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Speaker Cables, A Special Note (from ye olde Naim Audio)

Discussion in 'classic' started by Craig B, Jan 2, 2021.

  1. Jim Audiomisc

    Jim Audiomisc pfm Member

    Well, I regard needing specific cabling to avoid the risk of amp instability which might cause some damage as something to treat more cautiously than: "It is just a recommendation you do not have to abide by it"!

    If I gave that "advice" and kit got damaged as a result the owner might feel I should pay them compensation, or at least apologise. So you might want to reconsider what you wrote.

    Consider: Would you think it safe to say, "Fitting the specified fuse values is just a recommendation,,," ? I hope not.
     
  2. Rallye_punk

    Rallye_punk pfm Member

    To be honest I doubt it would blow up it’s probably just arse covering in their part. Of course they want you to buy their cables too.
     
  3. Jim Audiomisc

    Jim Audiomisc pfm Member

    I also think the probability of a "blow up" is low, statistically. The problem is not knowing the stability margin of the amps. Back in he early 1980s I saw an early amp show clear RF instability, but I assume later models are less prone to that.

    However "probably" is fine in most cases, but if something is possible then someone may hit the spot and be 'unlucky'. If someone says not to worry about the advice, then they might find they get the blame when that happens.

    On most car journeys you would have been OK not to wear a seat belt. But...
     
  4. Arkless Electronics

    Arkless Electronics Trade: Amp design and repairs.

    Amplifiers can blow up almost instantly and in some cases take the speakers out with them due to exactly this type of instability. Whether this applies to Naim amps is another matter...
     
  5. Jim Audiomisc

    Jim Audiomisc pfm Member

    Not seen a Naim amp blow up. But have seen bursts of ultrasonic oscillation at a specific voltage level on output waveforms. e.g. at the same point on each cycle of a test sinewave. This was, however, decades ago.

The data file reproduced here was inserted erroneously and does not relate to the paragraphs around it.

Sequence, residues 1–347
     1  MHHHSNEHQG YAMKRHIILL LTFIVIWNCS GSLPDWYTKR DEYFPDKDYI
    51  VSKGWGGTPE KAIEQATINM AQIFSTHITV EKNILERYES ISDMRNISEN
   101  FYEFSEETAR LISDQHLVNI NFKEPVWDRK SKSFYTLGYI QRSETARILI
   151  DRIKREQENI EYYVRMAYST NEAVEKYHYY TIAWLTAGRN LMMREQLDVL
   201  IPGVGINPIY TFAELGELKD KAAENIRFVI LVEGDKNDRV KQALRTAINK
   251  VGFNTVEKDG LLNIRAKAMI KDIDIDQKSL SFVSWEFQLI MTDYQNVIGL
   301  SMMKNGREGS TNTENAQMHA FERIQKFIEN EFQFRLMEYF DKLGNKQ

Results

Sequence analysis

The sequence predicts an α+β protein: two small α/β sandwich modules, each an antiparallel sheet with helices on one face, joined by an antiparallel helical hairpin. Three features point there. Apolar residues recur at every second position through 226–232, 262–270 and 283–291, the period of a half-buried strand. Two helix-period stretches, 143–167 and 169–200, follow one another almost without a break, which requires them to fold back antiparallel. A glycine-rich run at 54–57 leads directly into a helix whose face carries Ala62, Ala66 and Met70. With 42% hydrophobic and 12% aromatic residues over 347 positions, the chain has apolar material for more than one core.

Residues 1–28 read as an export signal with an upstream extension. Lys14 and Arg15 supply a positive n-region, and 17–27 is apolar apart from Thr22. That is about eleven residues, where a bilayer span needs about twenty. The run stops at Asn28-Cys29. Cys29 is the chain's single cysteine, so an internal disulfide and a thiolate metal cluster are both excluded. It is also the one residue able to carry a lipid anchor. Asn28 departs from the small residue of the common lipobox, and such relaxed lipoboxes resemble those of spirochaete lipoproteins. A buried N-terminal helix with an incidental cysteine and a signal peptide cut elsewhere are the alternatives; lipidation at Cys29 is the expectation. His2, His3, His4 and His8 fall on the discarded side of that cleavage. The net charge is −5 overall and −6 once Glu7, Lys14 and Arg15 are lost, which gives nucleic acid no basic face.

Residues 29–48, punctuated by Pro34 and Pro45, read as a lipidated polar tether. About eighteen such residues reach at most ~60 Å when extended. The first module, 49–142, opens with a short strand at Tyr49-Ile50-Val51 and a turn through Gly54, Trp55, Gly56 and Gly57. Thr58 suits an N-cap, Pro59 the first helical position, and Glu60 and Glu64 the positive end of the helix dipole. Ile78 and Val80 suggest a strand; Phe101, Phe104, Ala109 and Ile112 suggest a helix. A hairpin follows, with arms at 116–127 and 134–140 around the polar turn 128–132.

6. MJS

    MJS Technical Tinkerer

    That's how tested them.
    I saw many in repair/test that had blown up. By far the most common failure mode was a nearby lightning strike taking out the output stage and LTP. Unstable amps just tended to cook themselves and were easily seen in molten emitter resistors.
     
  7. Rallye_punk

    Rallye_punk pfm Member

    Yes i'd imagine electrical surges are a far more common cause of 'blowing' amps rather than using a non manufacturer spec cable lol...
     
  8. Jim Audiomisc

    Jim Audiomisc pfm Member

    Well, I can't recall any Armstrong amps being sent back for repair due to a mains 'surge'. Closest to that was the user who - for some reason of their own - decided the speaker outlets were for the mains input. 8-]

    Hopefully, Naim amp failures are also rare, given that people may tend to follow the advice given by the makers.

    But I've never seen any stats, either way.
     
  9. Arkless Electronics

    Arkless Electronics Trade: Amp design and repairs.

    Nearby lightning strikes can take out just about anything. Much depends on whats connected to what obviously...
    I briefly worked at a place repairing DECT type landline phones when they first came out and there would be days when maybe a dozen all came in from one village/street where there had been an electrical storm! Usually all beyond economic repair.
     
  10. davidsrsb

    davidsrsb pfm Member

    Cordless phones, fax machines and modems were a nightmare in Malaysia. The long phone line introduces massive surges referenced to the local mains. Always not covered by warranty.
    I have only seen HiFi die from direct strike to the house as only the mains supply goes outside unless you had an outdoor VHF antenna
     
    Arkless Electronics likes this.

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